6

I can see a brute-force approach to (trying to) prove it. Assume your infinite sequence starts AC. The next term must be A, so ACA. The next term must be B, so ACAB. Now it starts to get tricky. It seems the 5th term can be A or C, but if you use A then there's no valid 6th term, so in fact the 5th term must be C, so ACABC. The 6th term could be A or B, but ...


6

There are a few problems with this scenario: I doubt there will be much acceptance of a new axiom without useful consequences (e.g. Martin's Axiom has wonderful consequences, so it was accepted). So before people will accept this as a new axiom, you would have to show why this will be a fruitful addition to the current set of axioms of mathematics. I am ...


6

You are confusing the object with its various names. As an object, $\frac12=\frac24$. But you can present it differently. More specifically, in order for the numerator function to be well-defined, you need to choose a representation for each rational first. Similarly, $1+1=2$, but the length of these two expressions is different. Names are syntax, ...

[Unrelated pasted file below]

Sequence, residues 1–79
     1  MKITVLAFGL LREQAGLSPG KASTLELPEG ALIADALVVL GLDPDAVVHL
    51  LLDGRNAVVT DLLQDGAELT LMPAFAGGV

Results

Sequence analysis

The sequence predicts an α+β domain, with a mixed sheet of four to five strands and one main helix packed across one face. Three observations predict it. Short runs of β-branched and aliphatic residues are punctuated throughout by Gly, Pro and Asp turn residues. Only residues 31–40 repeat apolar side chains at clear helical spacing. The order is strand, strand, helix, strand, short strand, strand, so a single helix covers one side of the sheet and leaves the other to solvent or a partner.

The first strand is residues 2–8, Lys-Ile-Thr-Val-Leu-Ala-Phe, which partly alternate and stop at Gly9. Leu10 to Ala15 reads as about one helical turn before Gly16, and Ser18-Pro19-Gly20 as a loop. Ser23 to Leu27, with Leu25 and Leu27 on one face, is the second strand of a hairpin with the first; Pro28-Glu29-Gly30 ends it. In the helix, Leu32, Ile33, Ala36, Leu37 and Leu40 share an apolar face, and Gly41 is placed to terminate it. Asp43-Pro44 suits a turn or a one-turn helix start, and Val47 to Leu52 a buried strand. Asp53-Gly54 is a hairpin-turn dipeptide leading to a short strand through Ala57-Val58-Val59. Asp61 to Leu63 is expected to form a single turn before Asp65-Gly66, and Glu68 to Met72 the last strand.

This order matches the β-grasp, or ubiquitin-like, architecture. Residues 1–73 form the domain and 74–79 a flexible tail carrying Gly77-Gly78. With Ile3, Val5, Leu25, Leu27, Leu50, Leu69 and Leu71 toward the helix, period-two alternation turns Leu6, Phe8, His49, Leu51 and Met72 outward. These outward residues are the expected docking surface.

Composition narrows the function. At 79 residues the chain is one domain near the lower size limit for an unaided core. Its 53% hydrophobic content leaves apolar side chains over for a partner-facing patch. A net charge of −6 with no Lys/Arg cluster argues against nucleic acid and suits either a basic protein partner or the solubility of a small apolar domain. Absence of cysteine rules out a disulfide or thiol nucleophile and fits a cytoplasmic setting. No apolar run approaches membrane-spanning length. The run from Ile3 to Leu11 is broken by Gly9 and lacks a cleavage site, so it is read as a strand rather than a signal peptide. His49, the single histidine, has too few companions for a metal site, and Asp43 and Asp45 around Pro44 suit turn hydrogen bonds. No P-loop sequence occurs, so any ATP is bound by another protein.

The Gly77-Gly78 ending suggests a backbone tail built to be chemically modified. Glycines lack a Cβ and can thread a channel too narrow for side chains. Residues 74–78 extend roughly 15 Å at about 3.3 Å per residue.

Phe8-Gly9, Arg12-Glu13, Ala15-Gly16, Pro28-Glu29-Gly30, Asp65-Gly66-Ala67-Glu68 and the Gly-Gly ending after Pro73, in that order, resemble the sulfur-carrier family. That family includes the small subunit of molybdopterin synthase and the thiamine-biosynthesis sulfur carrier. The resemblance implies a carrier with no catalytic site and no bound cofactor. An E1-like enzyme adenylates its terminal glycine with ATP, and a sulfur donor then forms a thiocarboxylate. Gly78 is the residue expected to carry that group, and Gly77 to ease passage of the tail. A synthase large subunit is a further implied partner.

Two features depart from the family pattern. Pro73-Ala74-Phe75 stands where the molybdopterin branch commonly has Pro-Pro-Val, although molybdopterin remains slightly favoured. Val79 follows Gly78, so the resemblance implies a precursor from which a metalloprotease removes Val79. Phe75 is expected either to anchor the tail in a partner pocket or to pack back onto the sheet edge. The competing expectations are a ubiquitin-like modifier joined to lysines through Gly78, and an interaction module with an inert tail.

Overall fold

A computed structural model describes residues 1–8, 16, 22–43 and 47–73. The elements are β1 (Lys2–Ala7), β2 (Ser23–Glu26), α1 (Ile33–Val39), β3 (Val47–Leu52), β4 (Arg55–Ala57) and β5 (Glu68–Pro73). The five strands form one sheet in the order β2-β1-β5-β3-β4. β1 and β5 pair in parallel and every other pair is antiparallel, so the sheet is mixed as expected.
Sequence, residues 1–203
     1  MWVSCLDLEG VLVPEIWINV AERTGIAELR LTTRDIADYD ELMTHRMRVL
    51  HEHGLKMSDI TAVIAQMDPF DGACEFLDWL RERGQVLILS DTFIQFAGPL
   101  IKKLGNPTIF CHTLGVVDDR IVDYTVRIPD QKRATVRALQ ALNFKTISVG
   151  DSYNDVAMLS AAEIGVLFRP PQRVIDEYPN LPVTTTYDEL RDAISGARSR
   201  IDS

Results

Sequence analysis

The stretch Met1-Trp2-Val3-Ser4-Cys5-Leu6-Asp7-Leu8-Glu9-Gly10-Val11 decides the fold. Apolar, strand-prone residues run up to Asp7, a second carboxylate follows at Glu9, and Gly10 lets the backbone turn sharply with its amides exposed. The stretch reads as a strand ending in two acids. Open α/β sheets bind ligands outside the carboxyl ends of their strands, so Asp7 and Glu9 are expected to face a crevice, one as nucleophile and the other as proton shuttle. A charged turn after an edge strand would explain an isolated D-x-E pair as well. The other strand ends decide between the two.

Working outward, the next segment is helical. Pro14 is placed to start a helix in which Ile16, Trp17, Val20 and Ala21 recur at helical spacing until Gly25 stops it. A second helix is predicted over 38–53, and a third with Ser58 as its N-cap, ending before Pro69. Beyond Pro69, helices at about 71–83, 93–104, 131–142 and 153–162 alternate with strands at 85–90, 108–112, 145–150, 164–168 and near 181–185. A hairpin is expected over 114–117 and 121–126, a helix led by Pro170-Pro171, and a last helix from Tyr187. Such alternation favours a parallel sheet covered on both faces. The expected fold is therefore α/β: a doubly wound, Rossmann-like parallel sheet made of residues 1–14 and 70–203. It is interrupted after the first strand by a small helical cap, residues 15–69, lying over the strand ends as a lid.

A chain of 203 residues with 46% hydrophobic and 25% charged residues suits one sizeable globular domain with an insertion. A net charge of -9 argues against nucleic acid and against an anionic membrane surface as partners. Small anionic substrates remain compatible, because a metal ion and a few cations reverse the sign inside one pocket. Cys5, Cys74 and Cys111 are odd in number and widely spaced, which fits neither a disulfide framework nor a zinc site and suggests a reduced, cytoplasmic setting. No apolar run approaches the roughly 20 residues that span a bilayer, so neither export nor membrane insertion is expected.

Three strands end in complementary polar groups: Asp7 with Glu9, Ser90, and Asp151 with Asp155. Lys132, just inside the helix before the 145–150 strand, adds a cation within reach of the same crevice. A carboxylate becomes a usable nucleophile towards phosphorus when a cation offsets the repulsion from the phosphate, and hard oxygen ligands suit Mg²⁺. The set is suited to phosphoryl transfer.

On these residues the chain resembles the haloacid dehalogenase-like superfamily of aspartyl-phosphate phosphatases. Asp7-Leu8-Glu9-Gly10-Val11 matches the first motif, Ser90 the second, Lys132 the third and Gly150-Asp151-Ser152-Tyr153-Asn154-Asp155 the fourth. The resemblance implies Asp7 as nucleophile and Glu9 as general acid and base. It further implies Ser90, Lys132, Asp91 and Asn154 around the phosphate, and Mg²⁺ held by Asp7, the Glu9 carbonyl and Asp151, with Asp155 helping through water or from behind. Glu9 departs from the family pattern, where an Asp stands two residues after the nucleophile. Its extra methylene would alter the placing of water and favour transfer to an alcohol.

6

Example Let $\Gamma$ the set of first-order Peano axioms: no variables free. 1) $\Gamma \vdash \exists x (x = 0)$ --- easily provable 2) $\Gamma, x=0 \vdash x=0$ --- obvious 3) $\Gamma \vdash x=0$ --- from 1) and 2) by $\exists$-elim : wrong ! 4) $\Gamma \vdash \forall x (x=0)$ --- from 3) by $\forall$-intro, 1) $\Gamma, x=0 \vdash x = 0$ 2) $\Gamma,...


6

The categoricity of the second-order Peano axioms simply means (in the context of ZFC set theory) that every model of ZFC contains exactly one thing (up to internal isomorphism) that it thinks is a model of those axioms. However, different models of ZFC can have different $\mathbb N$s. Each model will think its $\mathbb N$ satisfies the second-order Peano ...


5

Building on Gerry Myerson's answer... The set of forbidden subsequences is stable under the substitutions given by the 3-cycle $\tau=(ACB)$. In other words, if $X_1X_2\ldots X_k$ is forbidden, then so is $\tau(X_1)\tau(X_2)\ldots\tau(X_k)$. Hence those 5 remaining cases compress to 1: two of them are in the orbit of the initial sequence $AC$ handled by ...